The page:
Radiography using charged-particle beams has been suggested as an alternative to x-ray radiography with such target materials. High mass charged particles such as protons with energies of 800 MeV to 50 GeV/c have high penetration powers through such traditionally difficult to image objects, and have been used to image these types of objects. Even when proton imaging is used, however, only the flux is typically measured, giving limited information about the composition and density of the object being examined.
In conventional x-ray or proton radiography the number of probe particles removed from the beam by absorption or scattering in the target is the fundamental measurement used to infer the local column density of the target under study. The beam of probe particles passes through the target where scattering or absorption occurs, and a two dimensional image of the number of surviving beam particles is then constructed utilizing a suitable sensor such as a film or a scintillator coupled to a CCD camera.
However, radiography using charge-particle beams provides information on target composition through three mechanisms: attenuation, multiple scattering and energy loss. Unlike x-ray probes which suffer only absorption or scattering in the target, beams of protons, or other massive charged particles also suffer energy loss as they traverse a target through electromagnetic interactions between the charge of the particles and the electrons in the target material. Thus simply counting the number of surviving charged beam particles does not provide all of the available information since the velocity of the surviving beam particles is not measured. Measurement of the energy loss of the surviving beam particles will provide another fundamental measurement related to the local column density of the target.
Because each mechanism has a different dependence on atomic weight and number, imaging techniques that use any combination of the three mechanisms can provide more information on target composition than techniques that use only one.
Because the particle velocity is directly related to the energy loss suffered by the particle in passing through the target, which in turn depends on the composition and density of the target, the column density can be determined from a measurement of the Cerenkov light intensity produced by the portion of the beam that passes through a particular column of the target.
It is another object of the present invention to provide radiographic images utilizing charged particles such as protons, electrons, muons, pions, kaons, or other charged particles for penetrating objects which are resistant to traditional X-ray radiography.
It is another object of the present invention to measure the energy loss of a charged particle beam passing through a target.
It is a further object of the present invention to provide an image whose intensity is proportional to the velocity of the charged particles that have passed through the target.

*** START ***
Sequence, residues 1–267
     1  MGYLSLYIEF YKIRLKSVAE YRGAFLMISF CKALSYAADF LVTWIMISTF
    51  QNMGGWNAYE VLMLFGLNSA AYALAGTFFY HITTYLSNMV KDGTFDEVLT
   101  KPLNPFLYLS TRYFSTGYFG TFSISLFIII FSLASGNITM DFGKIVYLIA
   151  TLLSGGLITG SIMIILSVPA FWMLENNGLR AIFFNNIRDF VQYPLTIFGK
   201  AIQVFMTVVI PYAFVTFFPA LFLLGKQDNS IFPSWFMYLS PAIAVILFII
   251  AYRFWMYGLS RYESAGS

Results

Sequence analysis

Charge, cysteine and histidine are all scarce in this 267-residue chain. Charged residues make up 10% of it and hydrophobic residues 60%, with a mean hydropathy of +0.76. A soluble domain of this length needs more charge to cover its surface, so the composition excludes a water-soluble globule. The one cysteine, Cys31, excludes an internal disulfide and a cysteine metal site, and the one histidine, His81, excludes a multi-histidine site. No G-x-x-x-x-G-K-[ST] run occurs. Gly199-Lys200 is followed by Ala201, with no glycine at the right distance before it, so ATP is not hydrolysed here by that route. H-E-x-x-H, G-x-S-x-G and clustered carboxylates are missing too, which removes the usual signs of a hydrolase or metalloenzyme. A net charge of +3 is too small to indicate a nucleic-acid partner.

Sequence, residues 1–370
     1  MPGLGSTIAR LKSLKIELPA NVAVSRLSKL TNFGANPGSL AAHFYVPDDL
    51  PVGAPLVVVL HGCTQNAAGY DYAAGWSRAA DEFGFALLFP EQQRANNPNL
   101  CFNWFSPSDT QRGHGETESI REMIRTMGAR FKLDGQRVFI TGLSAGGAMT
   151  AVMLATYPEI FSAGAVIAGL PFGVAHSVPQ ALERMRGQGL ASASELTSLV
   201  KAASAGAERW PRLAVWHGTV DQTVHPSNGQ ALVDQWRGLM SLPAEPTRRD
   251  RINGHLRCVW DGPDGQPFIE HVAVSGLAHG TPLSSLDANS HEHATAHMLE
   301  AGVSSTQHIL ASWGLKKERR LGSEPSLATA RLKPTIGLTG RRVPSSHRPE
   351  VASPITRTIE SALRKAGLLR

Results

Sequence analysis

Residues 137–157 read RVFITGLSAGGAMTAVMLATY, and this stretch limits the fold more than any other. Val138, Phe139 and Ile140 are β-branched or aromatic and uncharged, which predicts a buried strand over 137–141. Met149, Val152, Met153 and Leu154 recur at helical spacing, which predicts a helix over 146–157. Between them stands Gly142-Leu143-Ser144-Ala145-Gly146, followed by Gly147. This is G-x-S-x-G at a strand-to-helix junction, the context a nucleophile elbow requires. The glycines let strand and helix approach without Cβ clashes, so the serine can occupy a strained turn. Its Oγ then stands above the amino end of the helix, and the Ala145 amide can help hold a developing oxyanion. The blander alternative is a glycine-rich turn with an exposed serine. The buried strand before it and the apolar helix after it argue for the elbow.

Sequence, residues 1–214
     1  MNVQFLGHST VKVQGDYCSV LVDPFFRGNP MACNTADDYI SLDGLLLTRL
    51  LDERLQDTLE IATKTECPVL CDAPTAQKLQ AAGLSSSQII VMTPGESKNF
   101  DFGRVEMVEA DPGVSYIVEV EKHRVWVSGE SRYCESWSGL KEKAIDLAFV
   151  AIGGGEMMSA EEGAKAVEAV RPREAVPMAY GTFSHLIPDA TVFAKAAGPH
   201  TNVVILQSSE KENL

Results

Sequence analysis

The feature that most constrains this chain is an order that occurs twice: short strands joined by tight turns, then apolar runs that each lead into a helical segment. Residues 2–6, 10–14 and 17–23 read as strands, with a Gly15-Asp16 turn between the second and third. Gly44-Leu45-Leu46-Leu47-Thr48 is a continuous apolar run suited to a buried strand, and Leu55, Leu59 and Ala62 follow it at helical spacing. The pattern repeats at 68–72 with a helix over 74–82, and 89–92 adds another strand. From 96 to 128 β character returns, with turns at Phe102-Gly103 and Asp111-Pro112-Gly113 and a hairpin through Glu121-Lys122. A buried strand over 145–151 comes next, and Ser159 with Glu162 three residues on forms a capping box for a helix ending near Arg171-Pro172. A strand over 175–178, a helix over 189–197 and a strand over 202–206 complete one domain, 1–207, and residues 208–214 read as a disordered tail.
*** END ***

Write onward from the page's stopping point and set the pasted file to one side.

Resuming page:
It is still another object of the present invention to provide a Cerenkov camera to measure the energy loss of a charged particle beam in passing through a target by imaging Cerenkov radiation produced by said beam.
It is still another object of the invention to use pulsed bursts of charged particles onto a gated or switched energy loss Cerenkov camera in such a way as to produce movies of the internal motions of objects to be examined.
Briefly, these and other objects are provided by the present invention in which the energy loss of a charged particle beam passing through an object is imaged in Cerenkov radiation. The energy loss of the beam is determined by using a correlation between Cerenkov radiation which is produced by the high-speed charged particles passing through a radiator medium and the beam energy (beam flux) passing through the object, Cerenkov radiation is emitted from the radiator medium when a particle traverses the radiator medium when the speed of light in the radiator material lower than the speed of the traversing particle. Since the threshold velocity for Cerenkov light emission depends on the index of refraction of the radiator, the radiator material is chosen to provide a threshold just below the minimum velocity of the unattenuated particle beam (i.e., the lowest anticipated energy of particles emerging form the object).
Both the flux and speed of the particle determine how much Cerenkov radiation is emitted in the medium. Since we are interested in the additional information of the energy lost in transmission through the object, a scintillator is used to determine the particle flux. By dividing the Cerenkov radiation imaged on a given pixel by the corresponding particle flux determined by a scintillator, the energy loss of a particular pixel may be determined. When this procedure is applied throughout an array of pixels (for example in a CCD or photodiode array), an image of the energy loss through an object being viewed may be obtained. In simple terms, an image may be formed which represents the line integrated density of the object the beam has traversed.